India, One of the World’s Biggest Polluters, Will Join Climate Change Accord

New Delhi said it will formally join the Paris climate agreement this year, a potentially big step to curbing harmful global temperature increases.


Indian Prime Minister Narendra Modi said New Delhi aims to formally join the Paris climate agreement this year, a historic move by the world’s fastest-growing emitter of greenhouse gases — and a key step toward full implementation of the far-reaching accord.

Modi and President Barack Obama issued a joint statement Tuesday after two meetings at the White House, part of a three-day visit meant to shore up ever-closer ties between Washington and New Delhi. The two countries outlined other steps to fight climate change, including working to phase out highly potent pollutants known as hydrofluorocarbons. That agreement, similar to one reached between the United States and China in 2013, could have the biggest short-term impact in limiting rising temperatures. The two countries also agreed to jump-start construction of six U.S.-built nuclear power plants in India — the first fruits of a 2008 nuclear power cooperation accord between India and the United States.

India’s formal adhesion to the Paris climate accord, once completed, will move the pact one big step closer to the level of global support needed for it to legally enter into force: 55 countries and 55 percent of global emissions. India would be the 46th country, and its entry would bring the tally of global emissions covered by the treaty to 54.7 percent.

“There are a lot of positive, encouraging signals — including today’s announcement — that India is taking the threat of climate change more seriously,” said Jason Bordoff, a former Obama energy and climate advisor who now directs Columbia University’s Center on Global Energy Policy.

India’s apparent enthusiasm for the Paris deal is even more surprising in light of its historical opposition to limits on how fast it can develop. For years, right up to the negotiations last December that finally led to the Paris deal, India had been the standard-bearer of countries that put economic development ahead of environmental objectives, including the fight against global warming.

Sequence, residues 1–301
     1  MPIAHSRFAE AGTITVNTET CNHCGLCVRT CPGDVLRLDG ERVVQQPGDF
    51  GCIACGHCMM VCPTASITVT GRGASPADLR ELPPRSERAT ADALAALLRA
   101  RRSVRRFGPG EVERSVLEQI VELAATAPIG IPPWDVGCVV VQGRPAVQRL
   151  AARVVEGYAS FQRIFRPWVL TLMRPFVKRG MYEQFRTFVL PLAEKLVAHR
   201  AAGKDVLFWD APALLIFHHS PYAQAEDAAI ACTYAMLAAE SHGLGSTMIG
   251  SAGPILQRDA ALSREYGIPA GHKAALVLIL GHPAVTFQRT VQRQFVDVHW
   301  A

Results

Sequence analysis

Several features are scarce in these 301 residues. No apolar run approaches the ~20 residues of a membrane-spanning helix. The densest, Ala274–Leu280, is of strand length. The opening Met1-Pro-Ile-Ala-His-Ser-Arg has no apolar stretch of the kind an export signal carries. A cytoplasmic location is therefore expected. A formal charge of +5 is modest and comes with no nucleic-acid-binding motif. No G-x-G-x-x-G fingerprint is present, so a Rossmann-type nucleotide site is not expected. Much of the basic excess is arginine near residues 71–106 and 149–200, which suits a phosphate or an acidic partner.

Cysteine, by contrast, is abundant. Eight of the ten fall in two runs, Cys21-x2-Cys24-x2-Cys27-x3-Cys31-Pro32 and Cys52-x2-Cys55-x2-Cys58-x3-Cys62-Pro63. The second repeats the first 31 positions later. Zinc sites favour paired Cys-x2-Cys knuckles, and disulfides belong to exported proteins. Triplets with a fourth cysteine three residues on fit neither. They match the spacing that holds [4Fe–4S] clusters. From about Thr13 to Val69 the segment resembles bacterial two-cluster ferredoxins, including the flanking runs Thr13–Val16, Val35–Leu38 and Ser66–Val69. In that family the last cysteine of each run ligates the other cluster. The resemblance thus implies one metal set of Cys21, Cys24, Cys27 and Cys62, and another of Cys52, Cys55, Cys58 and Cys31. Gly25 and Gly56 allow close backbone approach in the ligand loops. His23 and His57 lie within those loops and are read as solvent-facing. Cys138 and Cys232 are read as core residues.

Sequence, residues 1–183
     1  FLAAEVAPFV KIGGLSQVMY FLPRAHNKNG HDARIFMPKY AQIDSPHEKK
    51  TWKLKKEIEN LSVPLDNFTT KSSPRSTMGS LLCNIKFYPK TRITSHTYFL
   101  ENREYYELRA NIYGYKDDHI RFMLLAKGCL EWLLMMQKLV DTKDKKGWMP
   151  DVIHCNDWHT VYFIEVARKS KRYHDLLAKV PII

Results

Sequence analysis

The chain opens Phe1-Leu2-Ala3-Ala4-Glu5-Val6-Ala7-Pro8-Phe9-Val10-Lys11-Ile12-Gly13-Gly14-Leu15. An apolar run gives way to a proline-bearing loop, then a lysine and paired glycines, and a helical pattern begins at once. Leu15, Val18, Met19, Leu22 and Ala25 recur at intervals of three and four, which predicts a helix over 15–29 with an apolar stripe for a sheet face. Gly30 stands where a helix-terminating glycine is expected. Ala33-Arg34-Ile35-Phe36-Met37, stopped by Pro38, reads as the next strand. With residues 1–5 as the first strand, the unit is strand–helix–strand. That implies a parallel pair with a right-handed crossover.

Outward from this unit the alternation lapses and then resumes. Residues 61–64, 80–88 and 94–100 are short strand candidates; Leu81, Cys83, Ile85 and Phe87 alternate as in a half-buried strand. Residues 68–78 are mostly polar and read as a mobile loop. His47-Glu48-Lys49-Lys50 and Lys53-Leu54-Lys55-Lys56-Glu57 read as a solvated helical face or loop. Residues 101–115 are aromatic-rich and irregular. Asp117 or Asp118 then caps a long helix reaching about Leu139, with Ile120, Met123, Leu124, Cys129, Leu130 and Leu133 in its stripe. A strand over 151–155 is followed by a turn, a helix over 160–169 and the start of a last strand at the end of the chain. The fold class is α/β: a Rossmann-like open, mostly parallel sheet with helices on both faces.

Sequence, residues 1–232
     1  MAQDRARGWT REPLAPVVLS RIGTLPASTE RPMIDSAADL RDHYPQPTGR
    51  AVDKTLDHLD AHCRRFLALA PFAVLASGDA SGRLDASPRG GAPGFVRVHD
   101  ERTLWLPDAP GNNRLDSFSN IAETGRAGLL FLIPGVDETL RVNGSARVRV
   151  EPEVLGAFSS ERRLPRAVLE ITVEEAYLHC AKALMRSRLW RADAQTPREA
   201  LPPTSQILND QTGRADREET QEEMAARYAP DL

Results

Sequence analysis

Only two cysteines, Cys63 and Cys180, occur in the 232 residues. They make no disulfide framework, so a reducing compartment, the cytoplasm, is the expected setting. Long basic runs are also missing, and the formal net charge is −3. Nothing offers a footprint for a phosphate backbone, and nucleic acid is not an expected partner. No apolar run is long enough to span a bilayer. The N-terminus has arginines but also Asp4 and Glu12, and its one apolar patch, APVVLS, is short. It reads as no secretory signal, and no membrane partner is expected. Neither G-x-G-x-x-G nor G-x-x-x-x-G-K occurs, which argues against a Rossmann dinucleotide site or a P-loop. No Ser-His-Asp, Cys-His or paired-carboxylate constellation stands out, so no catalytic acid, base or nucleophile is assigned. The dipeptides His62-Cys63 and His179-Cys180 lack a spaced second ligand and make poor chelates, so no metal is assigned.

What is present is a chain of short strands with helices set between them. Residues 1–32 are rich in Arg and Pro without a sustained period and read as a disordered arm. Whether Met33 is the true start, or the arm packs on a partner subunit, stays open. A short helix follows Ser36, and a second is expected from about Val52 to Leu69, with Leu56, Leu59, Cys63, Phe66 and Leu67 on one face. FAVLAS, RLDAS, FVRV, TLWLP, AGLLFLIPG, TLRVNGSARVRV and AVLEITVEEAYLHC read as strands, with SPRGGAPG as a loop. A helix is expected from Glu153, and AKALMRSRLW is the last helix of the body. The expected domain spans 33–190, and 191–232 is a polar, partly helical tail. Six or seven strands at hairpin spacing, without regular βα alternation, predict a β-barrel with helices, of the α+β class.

Since winning election in 2014, Modi’s concerns about India’s energy future had largely focused on providing power to the more than 300 million Indians without access to electricity. India’s power minister, Piyush Goyal, has repeatedly defended India’s right to develop its economy with whatever fuel source it could, including coal, a dirty source of power that remains the centerpiece of Modi’s plan to modernize India’s power system.

Yet, environmental problems have suddenly grown hugely forbidding for India. Major cities like New Delhi have worse air quality than Chinese cities, prompting a rethink of how India will get energy. On paper, India has some of the most ambitious clean-energy goals in the world. Modi hopes to install more than 100,000 megawatts of solar power by 2022, a jaw-dropping objective given that India’s total electricity generation capacity is only about 300,000 megawatts.

To help New Delhi meet those targets, the two countries on Tuesday agreed to streamline financing for renewable energy projects, especially solar power, and particularly in rural areas far removed from the electricity grid. The White House said such agreements could help mobilize more than $1 billion in finance to help India develop its solar resources more quickly.

Despite all the fanfare over India’s formal accession to the climate pact, that won’t by itself clean up the country’s emissions, even if the renewable energy targets are largely met. India’s plans to meet the Paris targets call for cleaning up the economy while it grows — not for shrinking greenhouse gas emissions in absolute terms. Under the plan it submitted to the U.N., India’s greenhouse gas emissions will probably keep rising for decades to come. If Modi’s ambitious plans for economic growth work out, those emissions could rise even faster.

“We should applaud what India is doing, but not get carried away,” Bordoff said.

In the meantime, climate change itself is already hammering the subcontinent. Ferocious droughts, caused by a shift in the monsoon pattern due largely to climate change, have in the past two years affected hundreds of millions of Indians, emptied villages and farms, and curtailed power generation from thirsty coal plants and dams.

After many years of a development-first pitch, Bordoff said, “you’re hearing constructive rhetoric” from India now. “They are starting to understand that they need to change the path they are on” if the world is to come close to meeting its target of limiting temperature increases to 2 degrees Celsius.

Photo credit: MANDEL NGAN/AFP/Getty

Keith Johnson is a senior staff writer at Foreign Policy. Twitter: @KFJ_FP

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